An innovative project by Penticton-based Structurlam is once again leading change in the construction industry.
“Why is this so exciting? Because it has the potential to change the way we construct buildings,” said Bill Downing, president of Structurlam Ltd. “In much the same way our glulam beams replace steel with wood, we anticipate that cross-lam is going to replace concrete and it has a number of advantages over concrete.”
A new facility in Okanagan Falls, located at the former Weyerhaeuser site, will be used to create the cross-laminated product and already there is consideration for expanding the plant even further using the cross-laminated product. It is anticipated the panels will be in production by June, and because they are prefabricated in the plant down to a three millimeter accuracy they are efficient for builders.
“So it can literally be taken from the truck and installed right on site, which reduces installation time greatly,” said Downing.
The panels have high seismic values, good acoustic properties and are very light compared to concrete. Downing said this is helpful when constructing on poor soils. The new product, which is environmentally friendly and takes a lot loss energy to make, was developed in Europe in the 1990s and only recently caught on overseas.
According to Downing, it is technically feasible with cross-laminated panels to build highrise wood buildings up to 30 storeys. The main issues arising are fire and building codes, currently the building code allows for six storeys.
The Structurlam product will be used in the UBC childcare centre and it has been specified for the UBC Earth Sciences building, Elkford community centre and the North Vancouver outdoor school. The Okanagan Falls facility will produce 12 more jobs, but if demand grows Structurlam expects it could grow to another dozen jobs. Downing said there is one other plant in Quebec that is getting into the production, but Structurlam is the only large-scale manufacturer in western North America.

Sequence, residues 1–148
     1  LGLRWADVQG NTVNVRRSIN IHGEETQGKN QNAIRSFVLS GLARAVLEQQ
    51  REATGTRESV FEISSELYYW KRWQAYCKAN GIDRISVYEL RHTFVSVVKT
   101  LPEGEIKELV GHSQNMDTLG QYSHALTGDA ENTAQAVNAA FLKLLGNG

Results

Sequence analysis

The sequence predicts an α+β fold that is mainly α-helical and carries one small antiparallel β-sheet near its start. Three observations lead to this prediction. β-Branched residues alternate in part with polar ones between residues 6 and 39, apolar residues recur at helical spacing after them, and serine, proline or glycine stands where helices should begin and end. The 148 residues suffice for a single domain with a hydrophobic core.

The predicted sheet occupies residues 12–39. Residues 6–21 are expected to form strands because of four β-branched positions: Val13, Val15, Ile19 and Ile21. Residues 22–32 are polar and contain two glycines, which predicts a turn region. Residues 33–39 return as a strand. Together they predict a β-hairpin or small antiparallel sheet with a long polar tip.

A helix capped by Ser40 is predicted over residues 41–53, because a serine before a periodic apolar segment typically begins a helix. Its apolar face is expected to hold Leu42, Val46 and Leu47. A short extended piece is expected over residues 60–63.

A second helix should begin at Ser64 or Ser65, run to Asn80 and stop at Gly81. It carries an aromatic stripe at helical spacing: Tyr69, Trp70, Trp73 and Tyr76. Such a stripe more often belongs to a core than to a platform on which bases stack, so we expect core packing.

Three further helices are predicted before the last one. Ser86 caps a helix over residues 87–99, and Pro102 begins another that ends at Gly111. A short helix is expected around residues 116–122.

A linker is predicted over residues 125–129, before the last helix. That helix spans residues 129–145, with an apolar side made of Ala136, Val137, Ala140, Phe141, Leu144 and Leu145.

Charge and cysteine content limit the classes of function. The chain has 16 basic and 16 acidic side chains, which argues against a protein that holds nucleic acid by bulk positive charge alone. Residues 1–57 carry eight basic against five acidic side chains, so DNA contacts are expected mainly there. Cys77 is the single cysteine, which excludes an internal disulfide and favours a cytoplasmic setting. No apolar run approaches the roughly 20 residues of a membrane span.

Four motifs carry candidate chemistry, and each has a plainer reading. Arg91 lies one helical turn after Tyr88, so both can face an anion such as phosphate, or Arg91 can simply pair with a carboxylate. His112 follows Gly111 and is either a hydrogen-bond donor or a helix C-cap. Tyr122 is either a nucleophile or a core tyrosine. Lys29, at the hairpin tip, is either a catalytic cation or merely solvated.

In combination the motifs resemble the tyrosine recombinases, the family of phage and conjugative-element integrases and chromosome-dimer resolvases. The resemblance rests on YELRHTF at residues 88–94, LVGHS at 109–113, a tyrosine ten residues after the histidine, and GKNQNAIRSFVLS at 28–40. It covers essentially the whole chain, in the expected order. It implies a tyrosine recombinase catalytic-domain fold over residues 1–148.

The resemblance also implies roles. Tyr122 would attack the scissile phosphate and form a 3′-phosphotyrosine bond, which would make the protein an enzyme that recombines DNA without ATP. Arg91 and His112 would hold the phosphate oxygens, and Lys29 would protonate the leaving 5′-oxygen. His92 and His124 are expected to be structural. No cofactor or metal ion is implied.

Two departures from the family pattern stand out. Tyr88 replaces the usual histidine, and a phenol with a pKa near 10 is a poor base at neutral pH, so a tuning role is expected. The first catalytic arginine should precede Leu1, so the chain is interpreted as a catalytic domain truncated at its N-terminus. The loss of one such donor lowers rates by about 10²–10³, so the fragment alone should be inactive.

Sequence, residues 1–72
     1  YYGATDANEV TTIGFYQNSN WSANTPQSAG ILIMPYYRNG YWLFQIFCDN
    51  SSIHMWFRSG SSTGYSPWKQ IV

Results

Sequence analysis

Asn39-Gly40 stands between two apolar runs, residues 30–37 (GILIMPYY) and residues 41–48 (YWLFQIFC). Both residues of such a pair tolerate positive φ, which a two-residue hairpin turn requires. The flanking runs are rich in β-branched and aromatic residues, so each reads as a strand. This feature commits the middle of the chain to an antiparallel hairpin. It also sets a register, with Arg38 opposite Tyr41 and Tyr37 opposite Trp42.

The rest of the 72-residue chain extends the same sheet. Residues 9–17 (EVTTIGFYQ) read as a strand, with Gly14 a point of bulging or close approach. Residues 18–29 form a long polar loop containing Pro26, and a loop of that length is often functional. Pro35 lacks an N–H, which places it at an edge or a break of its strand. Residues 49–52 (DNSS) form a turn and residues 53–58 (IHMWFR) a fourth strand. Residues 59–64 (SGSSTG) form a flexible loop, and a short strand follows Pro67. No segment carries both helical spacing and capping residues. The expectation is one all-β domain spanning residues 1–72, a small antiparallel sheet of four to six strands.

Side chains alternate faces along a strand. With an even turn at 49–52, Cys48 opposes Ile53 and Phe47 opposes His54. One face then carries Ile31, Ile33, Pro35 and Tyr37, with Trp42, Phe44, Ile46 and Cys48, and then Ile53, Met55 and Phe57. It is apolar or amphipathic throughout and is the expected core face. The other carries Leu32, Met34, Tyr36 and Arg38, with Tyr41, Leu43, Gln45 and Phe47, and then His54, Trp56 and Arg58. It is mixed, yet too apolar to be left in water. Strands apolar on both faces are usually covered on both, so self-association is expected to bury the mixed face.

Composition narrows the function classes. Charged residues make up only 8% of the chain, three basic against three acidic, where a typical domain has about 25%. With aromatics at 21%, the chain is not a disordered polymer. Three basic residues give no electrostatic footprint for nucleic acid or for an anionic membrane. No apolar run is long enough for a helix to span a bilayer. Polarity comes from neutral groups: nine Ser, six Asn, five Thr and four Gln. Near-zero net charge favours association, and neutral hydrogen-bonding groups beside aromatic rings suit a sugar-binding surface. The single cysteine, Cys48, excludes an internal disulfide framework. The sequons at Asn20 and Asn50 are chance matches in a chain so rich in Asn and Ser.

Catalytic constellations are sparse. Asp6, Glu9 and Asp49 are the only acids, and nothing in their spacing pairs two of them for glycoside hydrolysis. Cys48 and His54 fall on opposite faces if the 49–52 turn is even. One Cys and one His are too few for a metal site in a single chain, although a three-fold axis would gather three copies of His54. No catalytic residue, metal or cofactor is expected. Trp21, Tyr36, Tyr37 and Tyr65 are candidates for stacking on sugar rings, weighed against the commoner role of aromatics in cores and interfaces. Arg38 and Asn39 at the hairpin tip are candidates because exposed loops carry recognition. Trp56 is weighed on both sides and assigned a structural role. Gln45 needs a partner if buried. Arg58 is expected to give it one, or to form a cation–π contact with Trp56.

Structurlam is world famous for its innovative wood products found in the Richmond Oval, Whistler Athletes Village and Vancouver Convention Centre.
“Over its 50-year history, Structurlam has gained a reputation for adopting new technology to expand the use of engineered wood product,” said Downing. “We now expand the use of wood again with the production of CLT panels. Today’s investment from Natural Resources Canada will jump start production and allow architects to immediately specify the panels in commercial and institutional construction, while taking advantage of the abundant beetle-killed fibre that is currently available.”
Okanagan Coquihalla MP Stockwell Day announced funding of $2.5 million from the federal government. This, in conjunction with a $2.5 million contribution from the B.C. government and $7.5 million through cash and in-kind contributions, will assist in Structurlam’s new venture.
“These are investments and we have seen over the last two years when you are willing to invest, even when times look tough, you get the positive results. We have seen increases in the forestry industry right across the board,” said Day of why the government continues to spend money in leaner economic times. “This is amazing, next generation, value-added technology. It’s going to mean more jobs here. Now is not the time to be stepping back, but to be staying aggressive and the folks right here are proving that it works.”
Concrete was poured last week into the 15,000 square foot Okanagan Falls facility that will be home to one of the largest planers in the world, equipment that was purchased from Europe.
“Taking wood product and being able to do things with it that maybe haven’t been done before — I want to congratulate Structurlam in this particular area because they continue to be on the leading edge coming up with these cross-laminated products that do a number of things and lessens the construction time but extends the longevity of whatever projects they are doing,” said Day.